•  One of the oddities of CES is that it doesn’t feature smart phones — Mobile World Congress is where that conversation happens. Key trends that David noted from this year’s CES including the Internet of Things (IoT). David reinforced that IoT is a fascinating and important trend (including wearables).
    • IoT – will literally connect everything in life (stomach to airport control tower)
    • Unilever has 2 billion users – how can they use a product that has text on it that people pick up every day. Could they become a communications company? David said that sensors will get cheap enough to put on every product down the road.
  • The companies that have the longest histories are the ones that can mutate themselves the fastest. They have learned over time how to mutate themselves. Small group of dinosaurs that are “built to last.” Getting harder for even the good companies to evolve.
  • 2014 is being called “the year people stood up.” Hong Kong, Mexico and Ukraine and Burkina Faso – all of which had people rise up using social media (all countries where Facebook is super strong).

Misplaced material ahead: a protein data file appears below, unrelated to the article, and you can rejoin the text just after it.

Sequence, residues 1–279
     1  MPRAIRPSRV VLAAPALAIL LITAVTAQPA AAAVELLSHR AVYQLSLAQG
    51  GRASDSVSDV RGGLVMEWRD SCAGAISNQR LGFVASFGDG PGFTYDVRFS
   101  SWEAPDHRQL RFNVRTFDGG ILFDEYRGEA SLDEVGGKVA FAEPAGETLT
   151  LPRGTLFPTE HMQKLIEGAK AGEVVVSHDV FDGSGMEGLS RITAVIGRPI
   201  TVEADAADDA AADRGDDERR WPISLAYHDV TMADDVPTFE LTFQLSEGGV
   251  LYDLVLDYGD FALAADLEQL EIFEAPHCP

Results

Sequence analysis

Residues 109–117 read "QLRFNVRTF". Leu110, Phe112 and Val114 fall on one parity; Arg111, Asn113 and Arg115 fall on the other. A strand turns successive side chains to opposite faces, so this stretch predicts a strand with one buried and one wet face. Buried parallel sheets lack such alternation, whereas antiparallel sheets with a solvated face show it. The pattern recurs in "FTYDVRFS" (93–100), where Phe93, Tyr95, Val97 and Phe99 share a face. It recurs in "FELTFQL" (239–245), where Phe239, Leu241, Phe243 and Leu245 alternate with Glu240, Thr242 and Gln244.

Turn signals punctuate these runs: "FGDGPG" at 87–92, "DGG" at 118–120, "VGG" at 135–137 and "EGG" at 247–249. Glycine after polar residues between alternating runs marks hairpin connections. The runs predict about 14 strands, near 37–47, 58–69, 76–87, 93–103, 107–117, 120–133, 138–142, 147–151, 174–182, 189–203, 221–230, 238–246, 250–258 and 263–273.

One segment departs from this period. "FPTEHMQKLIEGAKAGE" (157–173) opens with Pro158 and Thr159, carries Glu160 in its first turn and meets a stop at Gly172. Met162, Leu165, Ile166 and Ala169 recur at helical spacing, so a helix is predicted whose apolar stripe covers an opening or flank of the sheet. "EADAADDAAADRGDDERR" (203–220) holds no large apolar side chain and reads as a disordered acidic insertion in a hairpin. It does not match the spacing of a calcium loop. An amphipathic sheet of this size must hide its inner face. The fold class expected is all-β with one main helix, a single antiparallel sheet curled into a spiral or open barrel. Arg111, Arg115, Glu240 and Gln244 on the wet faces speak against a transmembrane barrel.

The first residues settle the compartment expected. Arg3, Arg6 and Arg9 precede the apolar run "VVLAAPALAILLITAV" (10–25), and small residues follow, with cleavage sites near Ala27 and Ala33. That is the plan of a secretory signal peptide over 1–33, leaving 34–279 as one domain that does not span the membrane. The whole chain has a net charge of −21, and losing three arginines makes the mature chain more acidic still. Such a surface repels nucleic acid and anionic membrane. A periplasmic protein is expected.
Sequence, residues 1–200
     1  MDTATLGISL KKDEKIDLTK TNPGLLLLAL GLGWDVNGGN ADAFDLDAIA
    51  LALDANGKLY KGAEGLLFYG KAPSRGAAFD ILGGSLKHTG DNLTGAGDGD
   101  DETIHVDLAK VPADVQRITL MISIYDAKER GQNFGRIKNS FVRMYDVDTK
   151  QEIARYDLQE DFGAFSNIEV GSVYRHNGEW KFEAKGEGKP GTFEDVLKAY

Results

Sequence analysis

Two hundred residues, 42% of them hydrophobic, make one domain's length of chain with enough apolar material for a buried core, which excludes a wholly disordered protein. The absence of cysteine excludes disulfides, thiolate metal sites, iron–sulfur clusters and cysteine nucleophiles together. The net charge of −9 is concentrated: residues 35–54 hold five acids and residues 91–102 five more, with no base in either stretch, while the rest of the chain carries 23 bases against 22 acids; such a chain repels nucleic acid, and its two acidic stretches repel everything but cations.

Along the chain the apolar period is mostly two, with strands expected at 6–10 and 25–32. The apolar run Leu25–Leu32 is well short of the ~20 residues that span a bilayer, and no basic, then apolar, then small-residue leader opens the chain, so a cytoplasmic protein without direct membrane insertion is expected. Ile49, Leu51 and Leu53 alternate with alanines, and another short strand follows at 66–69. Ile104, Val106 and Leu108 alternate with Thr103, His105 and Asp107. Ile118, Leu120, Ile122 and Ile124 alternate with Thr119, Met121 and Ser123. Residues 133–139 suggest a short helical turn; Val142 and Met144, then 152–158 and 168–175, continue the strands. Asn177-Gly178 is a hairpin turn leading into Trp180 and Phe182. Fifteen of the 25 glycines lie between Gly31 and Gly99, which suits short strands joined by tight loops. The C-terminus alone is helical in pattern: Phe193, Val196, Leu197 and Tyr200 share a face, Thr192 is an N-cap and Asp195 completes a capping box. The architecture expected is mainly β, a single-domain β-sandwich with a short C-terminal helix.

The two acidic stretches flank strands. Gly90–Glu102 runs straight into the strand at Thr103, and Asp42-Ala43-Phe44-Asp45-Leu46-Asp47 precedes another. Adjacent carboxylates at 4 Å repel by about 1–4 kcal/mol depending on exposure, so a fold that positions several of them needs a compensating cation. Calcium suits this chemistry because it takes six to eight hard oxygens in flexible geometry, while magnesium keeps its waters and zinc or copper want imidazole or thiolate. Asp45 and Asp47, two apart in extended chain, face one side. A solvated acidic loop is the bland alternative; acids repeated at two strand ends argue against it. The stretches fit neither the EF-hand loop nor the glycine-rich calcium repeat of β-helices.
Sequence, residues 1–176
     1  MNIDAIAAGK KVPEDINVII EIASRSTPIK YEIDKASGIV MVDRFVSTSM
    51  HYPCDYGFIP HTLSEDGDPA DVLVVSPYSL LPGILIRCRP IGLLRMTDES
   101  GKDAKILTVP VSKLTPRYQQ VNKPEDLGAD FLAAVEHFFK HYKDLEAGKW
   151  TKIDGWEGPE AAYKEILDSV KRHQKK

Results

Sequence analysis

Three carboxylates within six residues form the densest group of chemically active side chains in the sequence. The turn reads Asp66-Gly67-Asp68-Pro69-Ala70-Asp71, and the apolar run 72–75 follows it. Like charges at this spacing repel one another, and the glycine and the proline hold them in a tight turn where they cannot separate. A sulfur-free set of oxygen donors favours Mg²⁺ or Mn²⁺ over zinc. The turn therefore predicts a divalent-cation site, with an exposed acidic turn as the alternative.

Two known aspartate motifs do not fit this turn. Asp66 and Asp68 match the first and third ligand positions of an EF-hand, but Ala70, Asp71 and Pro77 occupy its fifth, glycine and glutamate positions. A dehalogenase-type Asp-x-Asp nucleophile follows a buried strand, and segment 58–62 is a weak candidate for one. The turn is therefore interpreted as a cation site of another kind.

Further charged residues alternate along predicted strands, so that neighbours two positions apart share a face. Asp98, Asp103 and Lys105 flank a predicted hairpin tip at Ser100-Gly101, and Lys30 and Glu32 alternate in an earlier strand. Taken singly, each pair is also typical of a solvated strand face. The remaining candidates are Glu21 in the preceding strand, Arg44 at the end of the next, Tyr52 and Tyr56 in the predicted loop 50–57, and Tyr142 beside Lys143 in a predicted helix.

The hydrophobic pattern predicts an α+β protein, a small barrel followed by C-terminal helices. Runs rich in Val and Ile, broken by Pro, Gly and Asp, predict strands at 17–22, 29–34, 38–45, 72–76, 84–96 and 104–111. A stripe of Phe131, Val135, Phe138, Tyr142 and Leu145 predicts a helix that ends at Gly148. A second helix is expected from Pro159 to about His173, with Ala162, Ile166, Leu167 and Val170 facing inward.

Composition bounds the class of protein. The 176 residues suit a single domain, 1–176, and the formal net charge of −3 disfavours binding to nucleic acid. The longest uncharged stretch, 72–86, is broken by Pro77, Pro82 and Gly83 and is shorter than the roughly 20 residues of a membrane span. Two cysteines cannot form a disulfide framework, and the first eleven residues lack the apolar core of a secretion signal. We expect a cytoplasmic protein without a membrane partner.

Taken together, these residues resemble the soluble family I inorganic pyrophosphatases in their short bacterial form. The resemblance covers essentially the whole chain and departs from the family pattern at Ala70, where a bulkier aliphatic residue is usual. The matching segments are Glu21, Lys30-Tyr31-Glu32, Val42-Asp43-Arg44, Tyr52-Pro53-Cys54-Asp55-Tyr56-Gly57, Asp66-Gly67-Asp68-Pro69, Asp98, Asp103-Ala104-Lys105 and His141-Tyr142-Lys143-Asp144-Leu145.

• More on companies obsession with innovation:
    • If you go to any city with over 300,000 people in the world – you will find a startup neighborhood with an incubator, VCs etc. The number of opportunities emerging is incredible and threat to incumbents.
    • Trends: starting internal incubators (Samsung), partnering with companies (Tech Stars), coming together with industries (fashion) and companies are coming together to co-innovate.
    • There is a company in NYC called Bionic. Their job is to help big companies innovate.
    • Companies like GE are working to adopt a startup mentality and focusing on an imperative for speed (more here from David’s interview with Beth Comstock).
    • Numerous companies are creating innovation centers in Silicon Valley.
  • On China
    • China can’t be talked about enough. Two poles of tech innovation in the future – China and US. Important to keep an eye on Chinese social media/ecommerce sites like Alibaba, Tencent (just opened a bank), Baidu. They are the next “Apple, Google, Facebooks.”
    • PRC has extraordinary support from the government although their lack of diversity hurts them (US as an example has drawn on attracting some of the brightest minds in the world over the past few centuries — China has been relatively insular).